What about the Azores and Madeira?
The autonomous region of Madeira is launching a “green corridor” for arrivals who are fully vaccinated or have recovered from Covid-19.
Tourists who can prove vaccination or recovery will no longer have to provide a negative Covid test.
To be eligible, tourists must prove their status through one of two documents: proof of Covid-19 recovery in the last 90 days, validated by the respective country of origin, stating the name, date of birth, health number, type and date of the test and explicit mention of ‘recovered’; or the official vaccination certificate, including the date of the two doses taken and respect for the immunisation period according to instructions for each vaccine.
Documentation in English must be submitted to the ‘Madeirasafe.com’ app prior to arrival.
Meanwhile, Portugal’s other autonomous region, the Azores islands, has just 79 active cases of Covid-19. Corvo, the smallest island of the Azores, is the first territory in the country whose entire population have already received the first dose of the vaccine against Covid-19, with the second dose due to be given in March. Five per cent of the entire Azorean population have been vaccinated in total, and the remainder should all be fully vaccinated by July. If enough residents are vaccinated, this could pave the way for the islands to reopen to travellers, whether inoculated or not.
What restrictions are in place right now?
Mainland Portugal is currently in a ‘state of emergency’, with the country under national lockdown.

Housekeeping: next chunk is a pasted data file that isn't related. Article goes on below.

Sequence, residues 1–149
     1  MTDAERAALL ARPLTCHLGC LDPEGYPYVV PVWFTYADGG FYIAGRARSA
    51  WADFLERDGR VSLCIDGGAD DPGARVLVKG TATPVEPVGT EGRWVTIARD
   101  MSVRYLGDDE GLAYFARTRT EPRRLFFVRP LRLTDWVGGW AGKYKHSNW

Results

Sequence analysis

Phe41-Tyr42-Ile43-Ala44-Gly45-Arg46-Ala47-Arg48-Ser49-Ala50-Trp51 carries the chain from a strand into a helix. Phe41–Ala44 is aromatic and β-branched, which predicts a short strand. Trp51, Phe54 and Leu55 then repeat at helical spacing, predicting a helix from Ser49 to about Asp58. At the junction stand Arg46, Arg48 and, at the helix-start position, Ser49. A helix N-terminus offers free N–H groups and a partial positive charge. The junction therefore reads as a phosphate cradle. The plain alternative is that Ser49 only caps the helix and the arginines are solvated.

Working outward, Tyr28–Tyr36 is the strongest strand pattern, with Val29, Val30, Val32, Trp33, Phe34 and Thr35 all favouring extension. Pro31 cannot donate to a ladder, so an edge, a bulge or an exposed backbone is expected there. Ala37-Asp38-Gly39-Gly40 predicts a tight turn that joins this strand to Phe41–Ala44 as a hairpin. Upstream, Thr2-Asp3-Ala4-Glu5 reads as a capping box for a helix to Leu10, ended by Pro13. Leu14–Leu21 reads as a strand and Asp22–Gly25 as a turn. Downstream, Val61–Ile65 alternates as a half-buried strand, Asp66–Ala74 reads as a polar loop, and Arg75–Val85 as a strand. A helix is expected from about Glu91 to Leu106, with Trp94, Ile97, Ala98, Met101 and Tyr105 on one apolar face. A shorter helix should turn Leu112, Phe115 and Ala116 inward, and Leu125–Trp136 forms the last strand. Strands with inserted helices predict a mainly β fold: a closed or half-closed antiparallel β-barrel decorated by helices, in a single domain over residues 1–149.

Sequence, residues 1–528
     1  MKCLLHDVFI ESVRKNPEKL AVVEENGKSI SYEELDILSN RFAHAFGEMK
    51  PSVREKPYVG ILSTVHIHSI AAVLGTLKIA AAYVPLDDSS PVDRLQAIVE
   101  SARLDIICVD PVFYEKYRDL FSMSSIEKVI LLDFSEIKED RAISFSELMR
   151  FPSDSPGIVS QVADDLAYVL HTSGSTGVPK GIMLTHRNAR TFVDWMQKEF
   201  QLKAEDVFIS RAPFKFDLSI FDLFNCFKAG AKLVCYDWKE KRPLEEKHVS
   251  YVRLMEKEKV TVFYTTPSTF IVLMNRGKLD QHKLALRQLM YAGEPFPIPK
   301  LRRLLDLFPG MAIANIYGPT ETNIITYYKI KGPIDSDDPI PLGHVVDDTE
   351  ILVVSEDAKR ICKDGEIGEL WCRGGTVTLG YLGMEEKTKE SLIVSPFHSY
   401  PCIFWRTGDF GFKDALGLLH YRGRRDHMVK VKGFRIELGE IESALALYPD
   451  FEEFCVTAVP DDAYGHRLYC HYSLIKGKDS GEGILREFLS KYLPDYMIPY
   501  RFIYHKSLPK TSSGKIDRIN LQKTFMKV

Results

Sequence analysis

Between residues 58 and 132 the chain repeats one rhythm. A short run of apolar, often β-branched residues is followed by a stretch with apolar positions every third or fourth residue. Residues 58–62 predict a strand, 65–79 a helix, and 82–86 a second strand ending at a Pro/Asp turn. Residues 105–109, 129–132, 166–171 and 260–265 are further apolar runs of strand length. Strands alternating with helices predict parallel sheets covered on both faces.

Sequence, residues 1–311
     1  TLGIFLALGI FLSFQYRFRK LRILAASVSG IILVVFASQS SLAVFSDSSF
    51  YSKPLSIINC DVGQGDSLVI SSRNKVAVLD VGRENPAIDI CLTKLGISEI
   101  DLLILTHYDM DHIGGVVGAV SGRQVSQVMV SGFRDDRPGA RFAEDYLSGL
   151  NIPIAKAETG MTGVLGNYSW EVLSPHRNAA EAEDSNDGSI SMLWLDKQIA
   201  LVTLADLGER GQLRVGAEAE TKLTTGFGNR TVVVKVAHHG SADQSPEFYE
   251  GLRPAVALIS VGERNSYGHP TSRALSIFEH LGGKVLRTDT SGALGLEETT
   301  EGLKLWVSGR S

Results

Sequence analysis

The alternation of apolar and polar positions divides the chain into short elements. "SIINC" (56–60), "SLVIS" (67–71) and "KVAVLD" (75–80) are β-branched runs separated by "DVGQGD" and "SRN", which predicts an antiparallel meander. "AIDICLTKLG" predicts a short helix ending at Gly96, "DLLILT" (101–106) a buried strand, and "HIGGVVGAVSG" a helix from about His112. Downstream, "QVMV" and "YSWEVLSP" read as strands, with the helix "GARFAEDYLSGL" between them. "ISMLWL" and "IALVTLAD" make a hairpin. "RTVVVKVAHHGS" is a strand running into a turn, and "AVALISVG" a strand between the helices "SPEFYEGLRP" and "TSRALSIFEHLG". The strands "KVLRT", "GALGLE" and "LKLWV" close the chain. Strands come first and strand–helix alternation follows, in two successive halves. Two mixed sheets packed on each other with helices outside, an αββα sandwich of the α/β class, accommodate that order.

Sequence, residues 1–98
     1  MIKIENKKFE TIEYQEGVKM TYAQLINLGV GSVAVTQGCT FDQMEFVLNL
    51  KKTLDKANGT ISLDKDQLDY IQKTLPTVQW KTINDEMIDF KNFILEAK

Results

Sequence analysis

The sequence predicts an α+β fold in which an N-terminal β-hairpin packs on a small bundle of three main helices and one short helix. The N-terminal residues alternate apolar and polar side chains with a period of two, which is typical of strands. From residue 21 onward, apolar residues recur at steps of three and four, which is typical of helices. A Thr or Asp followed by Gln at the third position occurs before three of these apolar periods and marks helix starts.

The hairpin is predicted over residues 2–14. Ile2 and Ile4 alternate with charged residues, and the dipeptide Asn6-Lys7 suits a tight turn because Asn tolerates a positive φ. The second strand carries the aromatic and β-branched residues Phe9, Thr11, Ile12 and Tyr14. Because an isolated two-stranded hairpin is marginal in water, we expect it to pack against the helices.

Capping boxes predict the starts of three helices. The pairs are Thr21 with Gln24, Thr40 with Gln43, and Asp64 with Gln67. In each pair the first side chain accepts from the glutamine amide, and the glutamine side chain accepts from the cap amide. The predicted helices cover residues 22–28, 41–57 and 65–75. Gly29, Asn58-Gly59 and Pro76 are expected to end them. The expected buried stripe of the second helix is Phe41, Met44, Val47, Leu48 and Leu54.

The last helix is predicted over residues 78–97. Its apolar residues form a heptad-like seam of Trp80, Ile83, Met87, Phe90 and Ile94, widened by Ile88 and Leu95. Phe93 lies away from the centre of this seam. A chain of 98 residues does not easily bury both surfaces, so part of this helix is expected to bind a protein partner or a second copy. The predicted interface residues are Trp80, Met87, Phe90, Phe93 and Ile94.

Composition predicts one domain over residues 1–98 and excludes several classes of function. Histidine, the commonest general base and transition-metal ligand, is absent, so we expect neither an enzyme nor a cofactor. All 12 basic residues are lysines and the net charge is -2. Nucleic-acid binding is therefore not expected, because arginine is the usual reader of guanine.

People must stay at home other than to buy food and other essential items; go to work for those who cannot work from home; go to a hospital, health centre or dental clinic; go to a veterinary clinic or walk a pet; carry out caring or similar duties; take short periods of exercise outdoors (individually, not in groups).
There is a ban on travelling between municipalities at the weekend from 8pm on Friday to 5am the following Monday morning. If you have to travel for essential purposes, such as to go to work or for medical treatment, be prepared to show evidence of the essential nature of your journey if required to do so by the police.
What has the Portuguese tourism industry said?
Following the announcement about Portugal coming off the red list, João Fernandes, president of Algarve Tourism Bureau, said: “We are delighted with the decision to take Portugal off the red list. We have been able to overcome a second wave of coronavirus, to reduce the infections levels to some of the lowest in Europe.
“The Algarve has always been a favourite holiday destination with British holidaymakers and this announcement is a hopeful sign that we will soon be able to welcome them back in early summer.
“The Algarve offers so much as a holiday destination and last year we were distinguished as the best beach and best golf destination in the world. We can’t wait to welcome back British visitors and share our beautiful region with them once more.”